How to Communicate Better: Choose one person to speak first. If you’re the listener, put problem-solving on hold. Seek to understand first. Draw your loved one out. Ask good questions. Then, look for areas of agreement and find at least one thing your partner said to validate. Validating your loved one doesn’t necessarily mean you agree. Instead, it means that what he or she says makes sense. Then switch roles.
8. Threatening Divorce
Bad Communication Example: What do a wife and a grenade have in common? They both leave you hurt when they pull off the ring.
Effective Communication Strategy: Divorce is the real d-word. When divorce is brought up in an argument, it’s an obvious low blow. A partner who threatens divorce is probably not feeling heard. Unfortunately, this threat will also kick your loved one’s nervous system into overdrive and make it even less likely your loved one will hear what you have to say. After the word divorce is mentioned, effective communication is nearly impossible.
How to Communicate Better: Plan ahead. Agree that threatening divorce during an argument is never allowed. If the d-word is dropped, stop the conversation immediately. Take a break separately. Reset for 20-minutes or more. Then return to the conversation.
9. Over Apologizing
Bad Communication Example: When my wife and I argue, I always get the last word. They’re usually, “I’m sorry. You’re right.”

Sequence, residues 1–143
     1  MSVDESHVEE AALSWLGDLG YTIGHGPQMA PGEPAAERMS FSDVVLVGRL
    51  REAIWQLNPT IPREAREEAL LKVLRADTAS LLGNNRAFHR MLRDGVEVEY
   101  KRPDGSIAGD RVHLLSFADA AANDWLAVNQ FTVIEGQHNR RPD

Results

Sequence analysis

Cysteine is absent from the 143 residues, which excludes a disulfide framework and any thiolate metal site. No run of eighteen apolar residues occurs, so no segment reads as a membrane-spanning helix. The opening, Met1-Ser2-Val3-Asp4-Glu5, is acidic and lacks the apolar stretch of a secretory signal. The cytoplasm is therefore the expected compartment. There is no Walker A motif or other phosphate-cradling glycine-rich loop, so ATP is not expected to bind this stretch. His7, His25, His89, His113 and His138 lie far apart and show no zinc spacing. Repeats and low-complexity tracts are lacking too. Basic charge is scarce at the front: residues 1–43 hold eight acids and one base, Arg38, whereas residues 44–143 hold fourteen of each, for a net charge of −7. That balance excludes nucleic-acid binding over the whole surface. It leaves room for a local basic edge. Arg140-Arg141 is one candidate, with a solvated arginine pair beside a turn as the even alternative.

Effective Communication Strategy: When emotionally flooded, it’s tempting to apologize just to end the fight. This probably means you’re in flight mode. Obviously, this is not healthy communication. A quick, insincere apology won’t solve the problem. In healthy communication, couples take time to evaluate what happened before they apologize.
How to Communicate Better: Apologize fast. Just not too fast, and don’t overdo it. Consider the following:
- Apologize only after you fully understand what you are sorry for. If you don’t understand, get clarity by asking good questions.
- Avoid apologizing if it’s not sincere. Don’t say “I’m sorry” just to get your partner’s tears or anger to stop.
- Apologize only if you intend to change. A quick “I’m sorry” followed by repeating the offense will make the problem worse.
10. Criticism and Contempt
Bad Communication Example: I asked my wife which she liked better, my face or my body? She said, “Your sense of humor.”